(CBS/AP) Gone is the constant whine of sirens, the legion of shovel-toting soldiers and orange-suited rescue workers rushing from one mountain of debris to the next.
The town of Beichuan now sits abandoned, except for a handful of villagers returning to scrounge through the rubble for their belongings, and workers in white protective suits, masks and black rubber boots spraying disinfectant.
Excavators and cranes have started to demolish the few buildings left standing. Dogs and chickens roam the streets.
Ten days after China's worst disaster in a generation, it appears the search for survivors - and even the dead - was giving way to the first steps toward reconstruction.
The smell of bleach was overpowering as workers sprayed the disinfectant on buildings, trees, car wheels and the soles of shoes of people leaving Beichuan, where thousands are still likely buried. A layer of lime - used as a disinfectant to sprinkle on bodies - covered roads and any surface where corpses were yet to be recovered.
"There are no more signs of life," said 24-year-old soldier Li Zichuan. He watched excavators demolishing what is left of the Beichuan Middle School, where residents say hundreds of students and teachers were killed.
"During the recovery operation, we dug many bodies up here, so now all that is left is to disinfect the place and then demolish it."
The bottom two floors of the five-story school collapsed in the quake, leaving a squat, leaning wreck.
Rescuing trapped survivors was the first priority of the massive military-led response to the May 12 quake, and teams have pulled 33,434 people from the rubble alive, officials say.
Now, those efforts have come to a virtual standstill. No rescues have been reported since Wednesday.
Officials said Friday that the confirmed death toll in Sichuan County alone had risen to 55,239, an increase of nearly 14,000 in the past two days. Hundreds of people have also been confirmed dead in several provinces around Sichuan. The government put the overall number of dead and missing at more than 80,000. Tents are needed most in the disaster zone where the homeless number 5 million, the government said.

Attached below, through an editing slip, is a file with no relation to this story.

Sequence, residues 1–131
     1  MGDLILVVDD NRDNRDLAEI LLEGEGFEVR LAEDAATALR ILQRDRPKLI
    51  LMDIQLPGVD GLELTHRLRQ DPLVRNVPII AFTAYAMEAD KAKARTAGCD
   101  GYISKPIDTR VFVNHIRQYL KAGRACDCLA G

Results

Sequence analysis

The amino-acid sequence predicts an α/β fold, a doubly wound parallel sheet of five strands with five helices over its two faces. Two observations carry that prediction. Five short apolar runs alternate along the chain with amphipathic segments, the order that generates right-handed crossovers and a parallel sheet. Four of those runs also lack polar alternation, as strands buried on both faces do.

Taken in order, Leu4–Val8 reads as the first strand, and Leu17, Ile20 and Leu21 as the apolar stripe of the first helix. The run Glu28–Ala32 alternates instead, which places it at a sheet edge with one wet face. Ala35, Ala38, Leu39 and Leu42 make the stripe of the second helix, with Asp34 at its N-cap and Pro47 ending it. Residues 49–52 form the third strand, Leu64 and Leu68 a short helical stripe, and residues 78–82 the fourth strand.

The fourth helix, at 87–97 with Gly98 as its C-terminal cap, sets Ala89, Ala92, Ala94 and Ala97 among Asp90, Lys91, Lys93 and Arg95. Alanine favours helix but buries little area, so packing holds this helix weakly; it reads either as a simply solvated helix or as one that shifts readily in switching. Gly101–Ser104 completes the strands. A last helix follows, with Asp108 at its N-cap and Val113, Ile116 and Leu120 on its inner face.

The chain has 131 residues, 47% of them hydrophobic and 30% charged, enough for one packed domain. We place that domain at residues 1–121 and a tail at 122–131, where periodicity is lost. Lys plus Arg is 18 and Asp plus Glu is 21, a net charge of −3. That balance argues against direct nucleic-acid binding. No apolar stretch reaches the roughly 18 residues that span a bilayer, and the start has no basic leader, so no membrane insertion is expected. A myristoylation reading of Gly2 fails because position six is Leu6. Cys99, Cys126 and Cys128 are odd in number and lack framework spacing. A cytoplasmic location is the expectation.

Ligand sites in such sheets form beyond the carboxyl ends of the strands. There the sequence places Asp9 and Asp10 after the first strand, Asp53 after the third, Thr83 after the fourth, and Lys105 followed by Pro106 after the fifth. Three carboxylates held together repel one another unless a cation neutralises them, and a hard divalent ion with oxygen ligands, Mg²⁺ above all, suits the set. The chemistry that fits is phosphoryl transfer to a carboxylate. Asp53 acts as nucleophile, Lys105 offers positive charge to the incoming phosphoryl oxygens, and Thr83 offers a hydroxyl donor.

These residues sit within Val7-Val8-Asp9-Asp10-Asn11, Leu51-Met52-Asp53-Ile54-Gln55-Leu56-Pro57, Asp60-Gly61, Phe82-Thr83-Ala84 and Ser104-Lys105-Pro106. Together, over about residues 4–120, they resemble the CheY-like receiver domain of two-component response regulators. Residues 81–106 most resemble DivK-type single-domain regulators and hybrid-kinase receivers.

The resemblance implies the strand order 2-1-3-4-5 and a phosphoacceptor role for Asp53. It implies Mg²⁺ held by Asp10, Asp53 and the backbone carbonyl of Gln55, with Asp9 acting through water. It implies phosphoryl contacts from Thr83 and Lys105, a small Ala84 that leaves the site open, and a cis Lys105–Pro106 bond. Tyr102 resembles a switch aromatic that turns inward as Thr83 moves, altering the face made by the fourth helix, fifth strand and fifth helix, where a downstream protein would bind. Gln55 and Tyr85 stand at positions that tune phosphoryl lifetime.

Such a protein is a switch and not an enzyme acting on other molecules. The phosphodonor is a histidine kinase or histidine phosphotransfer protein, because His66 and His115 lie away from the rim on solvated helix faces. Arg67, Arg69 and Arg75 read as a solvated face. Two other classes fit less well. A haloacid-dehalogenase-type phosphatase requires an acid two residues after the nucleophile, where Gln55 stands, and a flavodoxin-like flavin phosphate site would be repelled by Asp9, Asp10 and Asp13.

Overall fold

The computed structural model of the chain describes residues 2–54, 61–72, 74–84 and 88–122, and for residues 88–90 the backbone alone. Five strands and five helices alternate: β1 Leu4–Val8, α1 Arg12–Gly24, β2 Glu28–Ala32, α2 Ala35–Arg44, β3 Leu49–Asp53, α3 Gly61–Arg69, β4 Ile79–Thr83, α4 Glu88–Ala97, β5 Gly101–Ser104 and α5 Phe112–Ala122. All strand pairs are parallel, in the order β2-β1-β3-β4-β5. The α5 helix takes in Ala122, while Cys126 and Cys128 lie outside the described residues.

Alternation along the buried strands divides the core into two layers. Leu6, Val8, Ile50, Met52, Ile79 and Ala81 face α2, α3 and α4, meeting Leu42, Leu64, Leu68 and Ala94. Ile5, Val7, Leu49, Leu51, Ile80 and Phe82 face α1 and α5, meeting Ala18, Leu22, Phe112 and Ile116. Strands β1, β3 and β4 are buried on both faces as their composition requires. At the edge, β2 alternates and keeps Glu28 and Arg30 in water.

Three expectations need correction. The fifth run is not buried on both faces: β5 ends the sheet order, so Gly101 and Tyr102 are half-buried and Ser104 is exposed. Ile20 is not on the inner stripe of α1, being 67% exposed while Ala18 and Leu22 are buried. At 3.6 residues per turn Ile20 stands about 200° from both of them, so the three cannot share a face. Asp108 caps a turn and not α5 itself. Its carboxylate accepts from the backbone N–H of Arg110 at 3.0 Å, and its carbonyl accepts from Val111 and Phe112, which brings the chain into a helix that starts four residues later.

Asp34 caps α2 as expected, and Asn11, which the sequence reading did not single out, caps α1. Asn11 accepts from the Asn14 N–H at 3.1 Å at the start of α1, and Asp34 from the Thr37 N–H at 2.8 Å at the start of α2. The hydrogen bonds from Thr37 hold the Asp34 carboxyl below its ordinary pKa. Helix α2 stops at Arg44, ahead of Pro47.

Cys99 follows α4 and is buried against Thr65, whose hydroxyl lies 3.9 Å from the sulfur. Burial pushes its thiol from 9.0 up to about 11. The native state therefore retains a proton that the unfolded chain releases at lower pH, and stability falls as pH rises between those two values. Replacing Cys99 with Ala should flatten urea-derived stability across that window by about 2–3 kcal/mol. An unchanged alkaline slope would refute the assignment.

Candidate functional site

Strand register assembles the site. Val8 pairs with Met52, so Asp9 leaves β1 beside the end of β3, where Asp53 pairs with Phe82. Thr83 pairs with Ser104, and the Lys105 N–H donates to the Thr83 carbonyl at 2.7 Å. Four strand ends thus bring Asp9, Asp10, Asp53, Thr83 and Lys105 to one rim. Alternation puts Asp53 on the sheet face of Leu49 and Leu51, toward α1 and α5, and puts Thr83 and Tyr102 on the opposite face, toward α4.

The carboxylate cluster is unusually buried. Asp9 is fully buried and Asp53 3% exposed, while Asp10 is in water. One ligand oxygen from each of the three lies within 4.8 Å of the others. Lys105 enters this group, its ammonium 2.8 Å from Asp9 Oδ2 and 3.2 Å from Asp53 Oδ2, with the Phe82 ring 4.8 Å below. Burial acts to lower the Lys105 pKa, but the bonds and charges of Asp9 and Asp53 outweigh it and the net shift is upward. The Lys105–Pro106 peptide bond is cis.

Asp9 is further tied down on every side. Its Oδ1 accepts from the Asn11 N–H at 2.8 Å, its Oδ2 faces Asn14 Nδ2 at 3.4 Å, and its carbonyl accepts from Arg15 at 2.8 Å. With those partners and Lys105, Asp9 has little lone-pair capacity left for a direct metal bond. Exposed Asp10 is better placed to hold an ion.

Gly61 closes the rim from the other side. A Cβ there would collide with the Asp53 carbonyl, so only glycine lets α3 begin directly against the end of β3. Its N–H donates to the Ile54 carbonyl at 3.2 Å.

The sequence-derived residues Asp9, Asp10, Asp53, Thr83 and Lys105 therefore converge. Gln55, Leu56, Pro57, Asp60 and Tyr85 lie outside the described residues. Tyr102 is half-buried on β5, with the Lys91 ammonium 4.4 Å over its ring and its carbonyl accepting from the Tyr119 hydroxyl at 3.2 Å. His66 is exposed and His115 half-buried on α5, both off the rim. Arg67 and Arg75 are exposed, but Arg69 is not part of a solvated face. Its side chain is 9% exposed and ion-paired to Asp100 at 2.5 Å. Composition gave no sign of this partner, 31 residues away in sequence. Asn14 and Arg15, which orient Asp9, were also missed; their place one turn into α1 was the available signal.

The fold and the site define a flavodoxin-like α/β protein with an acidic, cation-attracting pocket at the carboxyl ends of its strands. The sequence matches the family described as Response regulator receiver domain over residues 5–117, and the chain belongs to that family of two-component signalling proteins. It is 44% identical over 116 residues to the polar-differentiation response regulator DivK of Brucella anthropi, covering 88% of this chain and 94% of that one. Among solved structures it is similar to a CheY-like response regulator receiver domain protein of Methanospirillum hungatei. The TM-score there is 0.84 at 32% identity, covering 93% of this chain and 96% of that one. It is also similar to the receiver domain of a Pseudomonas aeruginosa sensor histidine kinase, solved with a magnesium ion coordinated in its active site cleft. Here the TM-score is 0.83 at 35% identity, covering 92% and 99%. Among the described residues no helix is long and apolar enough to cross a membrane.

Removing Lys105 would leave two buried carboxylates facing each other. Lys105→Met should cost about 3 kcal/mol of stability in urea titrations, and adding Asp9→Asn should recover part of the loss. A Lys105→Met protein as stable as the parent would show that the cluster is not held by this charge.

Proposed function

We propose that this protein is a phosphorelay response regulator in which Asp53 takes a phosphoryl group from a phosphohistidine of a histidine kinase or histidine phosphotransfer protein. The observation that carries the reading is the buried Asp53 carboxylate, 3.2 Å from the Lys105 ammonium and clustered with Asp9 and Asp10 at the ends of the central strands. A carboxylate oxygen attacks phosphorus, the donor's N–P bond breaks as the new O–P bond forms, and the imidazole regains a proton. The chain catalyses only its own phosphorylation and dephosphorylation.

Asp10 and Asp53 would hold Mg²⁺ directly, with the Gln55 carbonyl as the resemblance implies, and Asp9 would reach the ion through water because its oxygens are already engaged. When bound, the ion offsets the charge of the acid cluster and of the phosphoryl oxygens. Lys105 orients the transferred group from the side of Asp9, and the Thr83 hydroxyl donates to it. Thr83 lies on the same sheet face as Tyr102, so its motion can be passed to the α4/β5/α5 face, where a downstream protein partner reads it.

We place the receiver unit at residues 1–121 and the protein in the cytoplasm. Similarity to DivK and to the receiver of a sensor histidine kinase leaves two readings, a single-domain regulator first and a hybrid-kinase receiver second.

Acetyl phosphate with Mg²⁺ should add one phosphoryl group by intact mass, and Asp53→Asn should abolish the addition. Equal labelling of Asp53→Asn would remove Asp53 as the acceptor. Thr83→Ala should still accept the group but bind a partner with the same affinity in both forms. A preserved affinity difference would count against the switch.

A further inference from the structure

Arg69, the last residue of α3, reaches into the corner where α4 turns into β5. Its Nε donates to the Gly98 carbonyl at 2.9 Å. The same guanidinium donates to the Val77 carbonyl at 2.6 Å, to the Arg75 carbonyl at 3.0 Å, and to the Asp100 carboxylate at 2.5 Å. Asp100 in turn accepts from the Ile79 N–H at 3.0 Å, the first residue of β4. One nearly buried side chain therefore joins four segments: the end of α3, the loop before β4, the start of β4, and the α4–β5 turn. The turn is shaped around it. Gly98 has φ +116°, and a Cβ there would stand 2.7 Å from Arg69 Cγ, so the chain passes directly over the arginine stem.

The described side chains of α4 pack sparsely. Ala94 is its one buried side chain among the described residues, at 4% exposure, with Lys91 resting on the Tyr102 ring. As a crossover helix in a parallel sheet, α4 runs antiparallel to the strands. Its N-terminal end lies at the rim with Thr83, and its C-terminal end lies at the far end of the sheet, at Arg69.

State television has sharply reduced live coverage from the disaster zone in Sichuan province. The clip of Premier Wen Jiabao declaring that the search for survivors would continue "as long as there's a glimmer of hope" - played endlessly in the first week - has also dropped from broadcasts.
Instead, on Thursday, Wen was shown delivering a different message on a brief visit to villages near Beichuan. "The motherland has not forgotten them. We have not forgotten them," Wen said of the dead, standing with a group of refugees. He urged the survivors to "turn grief into strength" and build a new hometown as an act of consolation.
In one quake-hit area, work had already turned to reconstruction. Rescue teams departed Dujiangyan, where workers were burying bodies and clearing rubble from collapsed buildings, said The Beijing Times, a state-run newspaper.
All that is left is to disinfect the place and then demolish it.
Chinese soldierThe streets of Beichuan - once crawling with military convoys, emergency workers, fleeing villagers and volunteers - were nearly deserted Thursday. Dogs and chickens roamed the area, which was silent except for the occasional distant roar of a car engine.